Fraunhofer HHI presents a new media profile for delivering Virtual Reality content at IBC 2017. MPEG’s ongoing work on Omnidirectional Media Application Format (OMAF) aims at standardizing storage and delivery formats for VR video content by the end of this year. One of the most promising techniques for streaming the 360-degree VR video considered in OMAF is viewport-dependent streaming based on HEVC tiles.
In a conventional service design, the whole 360-degree VR video content is streamed at a single resolution. Such an approach sacrifices video quality in the actual user viewport for pixels that are not even presented to the user most of the time. Fraunhofer HHI’s implementation of the OMAF viewport-dependent streaming profile is based on HEVC tiles and overcomes the challenges of ultra-high resolution content in context of limited bandwidth and decoder capabilities found on mobile devices.
High resolution, low storage requirements
“We divide the entire 360-degree video into tiles that are encoded independently of each other – that is why we call our technology tile-based streaming,” explains Robert Skupin, scientist at Fraunhofer HHI. “Within the user’s field of vision, the image is high resolution; behind him, it is low.” The major difference when compared to the state-of-the-art method is that the end device decides which tiles to download in high resolution and which in low resolution. It puts the tiles it needs together to form the required image in the right resolution instead of downloading one of several prepared videos. This means that, unlike the existing videos, each tile only needs to be stored on the server once. “The resolution is high, the operating costs are low, and, what’s more, the technology opens up several degrees of freedom in various areas such as dynamic adaptation of the transmission rates,” says Skupin.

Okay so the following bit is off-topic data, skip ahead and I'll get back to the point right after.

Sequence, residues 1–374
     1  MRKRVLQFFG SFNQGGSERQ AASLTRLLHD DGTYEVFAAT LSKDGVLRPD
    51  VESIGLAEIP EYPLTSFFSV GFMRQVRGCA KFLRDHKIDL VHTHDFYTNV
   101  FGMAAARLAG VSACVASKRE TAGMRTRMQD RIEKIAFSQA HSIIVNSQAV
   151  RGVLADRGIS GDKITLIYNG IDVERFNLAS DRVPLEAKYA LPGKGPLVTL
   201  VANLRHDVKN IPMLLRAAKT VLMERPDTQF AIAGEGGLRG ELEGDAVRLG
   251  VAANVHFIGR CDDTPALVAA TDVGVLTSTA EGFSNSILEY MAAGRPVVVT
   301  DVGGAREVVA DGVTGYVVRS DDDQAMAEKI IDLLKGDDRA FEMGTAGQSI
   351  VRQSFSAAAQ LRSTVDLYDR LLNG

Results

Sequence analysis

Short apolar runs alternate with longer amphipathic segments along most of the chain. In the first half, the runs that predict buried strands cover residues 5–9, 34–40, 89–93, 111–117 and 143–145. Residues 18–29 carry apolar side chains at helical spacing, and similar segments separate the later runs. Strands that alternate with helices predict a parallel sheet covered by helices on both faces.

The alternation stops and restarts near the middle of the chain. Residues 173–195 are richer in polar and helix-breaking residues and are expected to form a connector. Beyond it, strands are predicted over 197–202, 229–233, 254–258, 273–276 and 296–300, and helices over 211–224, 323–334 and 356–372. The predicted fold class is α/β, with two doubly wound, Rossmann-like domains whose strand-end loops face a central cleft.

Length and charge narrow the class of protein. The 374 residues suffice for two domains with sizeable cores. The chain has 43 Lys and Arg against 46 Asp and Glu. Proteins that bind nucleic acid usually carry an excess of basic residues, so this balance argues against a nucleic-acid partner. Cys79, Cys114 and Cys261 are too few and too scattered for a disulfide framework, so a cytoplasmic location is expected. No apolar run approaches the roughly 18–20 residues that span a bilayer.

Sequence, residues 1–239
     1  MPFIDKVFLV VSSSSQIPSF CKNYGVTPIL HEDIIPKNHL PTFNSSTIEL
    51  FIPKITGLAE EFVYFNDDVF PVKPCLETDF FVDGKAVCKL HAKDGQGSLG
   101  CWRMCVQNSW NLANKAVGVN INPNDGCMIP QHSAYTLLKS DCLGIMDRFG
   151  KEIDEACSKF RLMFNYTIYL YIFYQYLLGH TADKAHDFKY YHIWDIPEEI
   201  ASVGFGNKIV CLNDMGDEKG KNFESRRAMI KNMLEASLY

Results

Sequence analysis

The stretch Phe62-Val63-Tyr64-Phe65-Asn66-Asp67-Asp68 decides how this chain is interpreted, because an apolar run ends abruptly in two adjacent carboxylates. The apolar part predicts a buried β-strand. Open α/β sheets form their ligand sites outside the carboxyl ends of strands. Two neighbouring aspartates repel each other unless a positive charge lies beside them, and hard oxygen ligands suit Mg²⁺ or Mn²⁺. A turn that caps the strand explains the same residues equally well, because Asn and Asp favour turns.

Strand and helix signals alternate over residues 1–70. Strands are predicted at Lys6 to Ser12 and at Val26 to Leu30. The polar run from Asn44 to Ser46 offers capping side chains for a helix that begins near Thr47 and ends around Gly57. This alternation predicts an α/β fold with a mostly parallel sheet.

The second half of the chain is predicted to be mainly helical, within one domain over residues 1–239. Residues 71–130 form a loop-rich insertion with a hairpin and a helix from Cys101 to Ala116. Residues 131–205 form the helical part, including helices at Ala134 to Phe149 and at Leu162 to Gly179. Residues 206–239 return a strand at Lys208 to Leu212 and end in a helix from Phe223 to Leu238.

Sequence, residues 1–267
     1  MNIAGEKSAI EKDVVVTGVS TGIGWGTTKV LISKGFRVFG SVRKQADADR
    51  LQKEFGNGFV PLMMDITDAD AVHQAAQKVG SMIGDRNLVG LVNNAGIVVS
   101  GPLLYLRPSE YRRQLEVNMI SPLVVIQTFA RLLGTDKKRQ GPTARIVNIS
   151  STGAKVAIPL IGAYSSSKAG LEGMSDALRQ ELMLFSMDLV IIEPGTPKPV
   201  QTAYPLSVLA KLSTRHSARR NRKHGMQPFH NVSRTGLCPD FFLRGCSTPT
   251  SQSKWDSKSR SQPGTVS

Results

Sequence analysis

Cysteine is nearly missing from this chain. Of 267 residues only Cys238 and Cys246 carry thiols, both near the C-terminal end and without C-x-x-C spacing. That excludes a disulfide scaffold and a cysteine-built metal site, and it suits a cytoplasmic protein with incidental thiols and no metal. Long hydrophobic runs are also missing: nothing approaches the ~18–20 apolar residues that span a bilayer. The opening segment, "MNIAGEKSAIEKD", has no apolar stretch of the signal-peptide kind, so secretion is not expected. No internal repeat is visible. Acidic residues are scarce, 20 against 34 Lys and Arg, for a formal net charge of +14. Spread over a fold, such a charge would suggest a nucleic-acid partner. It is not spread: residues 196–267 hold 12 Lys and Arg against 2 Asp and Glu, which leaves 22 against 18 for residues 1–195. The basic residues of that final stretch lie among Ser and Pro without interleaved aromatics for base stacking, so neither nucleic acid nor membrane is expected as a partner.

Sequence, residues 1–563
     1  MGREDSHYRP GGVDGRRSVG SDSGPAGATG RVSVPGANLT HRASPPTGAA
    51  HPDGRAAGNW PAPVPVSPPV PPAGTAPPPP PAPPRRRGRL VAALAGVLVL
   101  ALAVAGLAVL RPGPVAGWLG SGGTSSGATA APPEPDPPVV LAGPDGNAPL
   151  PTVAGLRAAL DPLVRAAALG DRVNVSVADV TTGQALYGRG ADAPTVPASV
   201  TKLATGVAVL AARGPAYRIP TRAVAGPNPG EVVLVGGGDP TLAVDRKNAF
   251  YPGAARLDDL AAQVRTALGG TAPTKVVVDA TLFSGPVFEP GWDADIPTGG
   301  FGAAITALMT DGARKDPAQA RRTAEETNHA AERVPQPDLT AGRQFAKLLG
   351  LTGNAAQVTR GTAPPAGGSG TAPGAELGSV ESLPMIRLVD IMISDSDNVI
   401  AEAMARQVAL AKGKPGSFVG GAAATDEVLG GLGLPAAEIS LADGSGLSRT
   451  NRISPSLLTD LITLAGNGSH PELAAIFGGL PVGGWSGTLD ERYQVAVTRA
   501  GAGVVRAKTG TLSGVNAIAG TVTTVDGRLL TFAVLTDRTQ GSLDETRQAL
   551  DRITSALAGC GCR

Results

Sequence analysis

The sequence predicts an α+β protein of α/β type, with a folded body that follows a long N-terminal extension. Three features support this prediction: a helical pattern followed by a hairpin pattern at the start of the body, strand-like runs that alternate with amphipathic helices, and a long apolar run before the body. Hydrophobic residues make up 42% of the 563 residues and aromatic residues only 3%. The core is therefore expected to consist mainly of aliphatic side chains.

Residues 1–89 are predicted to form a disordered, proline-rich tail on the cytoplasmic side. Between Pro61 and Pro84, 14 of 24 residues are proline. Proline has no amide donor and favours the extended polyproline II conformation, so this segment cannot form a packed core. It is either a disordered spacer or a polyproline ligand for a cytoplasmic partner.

In order to create virtual worlds in high definition using the tile-based streaming technology, one needs – on the one hand – a suitable video codec and – on the other – an efficient transmission standard. As far as the video codec goes, it already exists in the form of HEVC. “HEVC is the first video standard where all end devices support a tile-based approach and are therefore already prepared for tile-based streaming,” Skupin can advise. The necessary transmission standard, called “Omnidirectional Media Application Format” (OMAF), is currently being developed by the MPEG standardization committee; it should be ready by the end of 2017. The Fraunhofer HHI researchers are also involved: They are expanding the standard, so that it can allow tile-based streaming, in order to optimally supply current and future devices with high-definition video.
The researches from Fraunhofer HHI are also contributing the HEVC-based technology to the VR Industry Forum (VRIF), which was formed to further widespread availability of high quality audiovisual VR experiences. At IBC 2017 VRIF presents the first draft of its industry guidelines. The guidelines enable delivery of high quality VR experiences, emphasizing interoperability in an open ecosystem. Part of this guideline is the OMAF viewport-dependent VR video streaming using HEVC tiles. Fraunhofer HHI’s implementation of the MPEG OMAF viewport-dependent profile using HEVC tiles is presented at IBC at Fraunhofer Booth B80, Hall 8.